After reading yet another editorial on the evils of belief in God and religion, I tossed the paper down in fury. I began to write a response that day and one year later, I hold in my hand a completed book. The day I turned in the final pages, I said to my wife “You know, it all began the day I read that editorial.” She looked at me sweetly, “No, David, it all began the day you were diagnosed with lymphoma. Right after you finished chemotherapy, you began the book.”
She was right. “Why Faith Matters” is about religion’s place in the world, in our lives; does religion breed violence (ultimately, no), can it be reconciled with science (ultimately, yes). But each page is shadowed by the struggles both my wife and I have had with cancer. True reckoning with faith is about faith in the dark cloud, how it touches not only society, but the individual and the family.
Nine months after our daughter was born, our only child, my wife was diagnosed with reproductive cancer that left her unable to have more children. A few years later, I suffered a grand mal seizure and was diagnosed with a brain tumor. Three years after that, I was in treatment for lymphoma.
Throughout our trials, we were embraced by others. The warmth of community, the prayers of those around us – this is religion as it is lived. Religion is less in grand theological declarations than in everyday kindnesses; in hymns and help and hope.
Sometimes the journey to faith begins in a journey away. When I was twelve I lost my faith. I had seen a movie documenting the horrors of the Holocaust and decided God could not exist in so tragic a universe. But it was the constant questioning of deep faith that led me back. I can explain with a story:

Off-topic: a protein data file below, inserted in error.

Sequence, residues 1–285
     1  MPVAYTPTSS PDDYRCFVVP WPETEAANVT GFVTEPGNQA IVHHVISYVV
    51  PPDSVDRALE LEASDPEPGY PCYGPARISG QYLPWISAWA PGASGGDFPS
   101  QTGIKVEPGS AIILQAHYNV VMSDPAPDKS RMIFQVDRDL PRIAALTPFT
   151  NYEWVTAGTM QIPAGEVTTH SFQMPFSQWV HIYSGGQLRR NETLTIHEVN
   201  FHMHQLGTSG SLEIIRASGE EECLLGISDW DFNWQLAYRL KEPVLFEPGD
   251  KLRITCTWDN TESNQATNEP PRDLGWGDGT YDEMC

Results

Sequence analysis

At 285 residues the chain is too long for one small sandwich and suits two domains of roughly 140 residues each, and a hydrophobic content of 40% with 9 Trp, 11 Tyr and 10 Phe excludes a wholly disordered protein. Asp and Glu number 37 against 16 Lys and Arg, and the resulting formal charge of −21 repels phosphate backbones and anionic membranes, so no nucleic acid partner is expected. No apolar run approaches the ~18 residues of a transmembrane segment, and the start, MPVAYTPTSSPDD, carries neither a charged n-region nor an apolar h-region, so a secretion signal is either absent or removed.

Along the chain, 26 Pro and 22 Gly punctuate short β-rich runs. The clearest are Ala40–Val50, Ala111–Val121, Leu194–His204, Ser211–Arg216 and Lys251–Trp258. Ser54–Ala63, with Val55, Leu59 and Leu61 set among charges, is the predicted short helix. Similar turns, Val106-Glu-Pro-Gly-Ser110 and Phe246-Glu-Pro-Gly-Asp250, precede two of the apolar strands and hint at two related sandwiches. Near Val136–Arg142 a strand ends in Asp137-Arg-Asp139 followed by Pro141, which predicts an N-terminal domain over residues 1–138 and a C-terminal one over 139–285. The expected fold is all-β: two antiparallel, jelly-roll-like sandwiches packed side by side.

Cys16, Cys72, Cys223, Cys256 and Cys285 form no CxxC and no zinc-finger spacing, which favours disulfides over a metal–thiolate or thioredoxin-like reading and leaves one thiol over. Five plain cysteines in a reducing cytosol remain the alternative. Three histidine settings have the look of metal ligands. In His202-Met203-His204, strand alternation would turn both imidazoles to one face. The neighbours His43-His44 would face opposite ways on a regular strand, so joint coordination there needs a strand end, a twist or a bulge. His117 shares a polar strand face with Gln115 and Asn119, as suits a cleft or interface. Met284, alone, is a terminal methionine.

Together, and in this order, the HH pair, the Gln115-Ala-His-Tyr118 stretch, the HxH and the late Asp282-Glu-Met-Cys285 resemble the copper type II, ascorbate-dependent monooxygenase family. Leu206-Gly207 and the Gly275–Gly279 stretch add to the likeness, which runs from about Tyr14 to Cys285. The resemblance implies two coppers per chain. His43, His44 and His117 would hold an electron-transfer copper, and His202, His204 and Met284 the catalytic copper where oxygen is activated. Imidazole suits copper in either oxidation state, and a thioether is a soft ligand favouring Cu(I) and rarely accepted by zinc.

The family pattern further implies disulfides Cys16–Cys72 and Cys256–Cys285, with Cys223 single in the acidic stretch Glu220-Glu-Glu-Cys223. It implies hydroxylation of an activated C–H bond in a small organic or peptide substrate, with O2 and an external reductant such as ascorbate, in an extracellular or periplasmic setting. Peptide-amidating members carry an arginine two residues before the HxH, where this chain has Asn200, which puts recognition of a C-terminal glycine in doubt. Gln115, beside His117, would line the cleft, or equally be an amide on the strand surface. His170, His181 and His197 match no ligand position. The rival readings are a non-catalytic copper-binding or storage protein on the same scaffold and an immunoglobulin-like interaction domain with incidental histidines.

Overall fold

In Primo Levi’s masterpiece “Survival in Auschwitz,” Levi recalls that while suffering from thirst he broke off an icicle outside a barracks window. When a nearby guard “snatched” it from him, Levi asked “Warum?” “Why?” The guard responds in German “Hier ist kein warum” “Here there is no why.” The greatest terror is if the universe presents to us a blank face.
Without God, there is no why.
The book opens with a story of my standing beside the bed of a man dying of cancer. We had both endured chemotherapy; mine was successful, at least for now. His had failed. He wanted to know why. I could not answer why, but I could tell him there is a why. God is not the automatic solution to all questions, but the assurance of meaning. Is the world spinning in a void, or is there a purpose to the pageant of life and death? I believe that we do matter, that our faith matters, and that turning our souls to God can improve our lives and help to heal the world.
Both my wife and I are reminded each day of what we cherish. Our experience with cancer led us not to doubt but to gratitude, not to question God’s goodness but to affirm God’s love.
David Wolpe is a Senior Rabbi at the Sinai Temple of Los Angeles, California. He has previously taught at the Jewish Theological Seminary of America in New York, the University of Judaism in Los Angeles, and Hunter College in New York, and currently teaches at UCLA.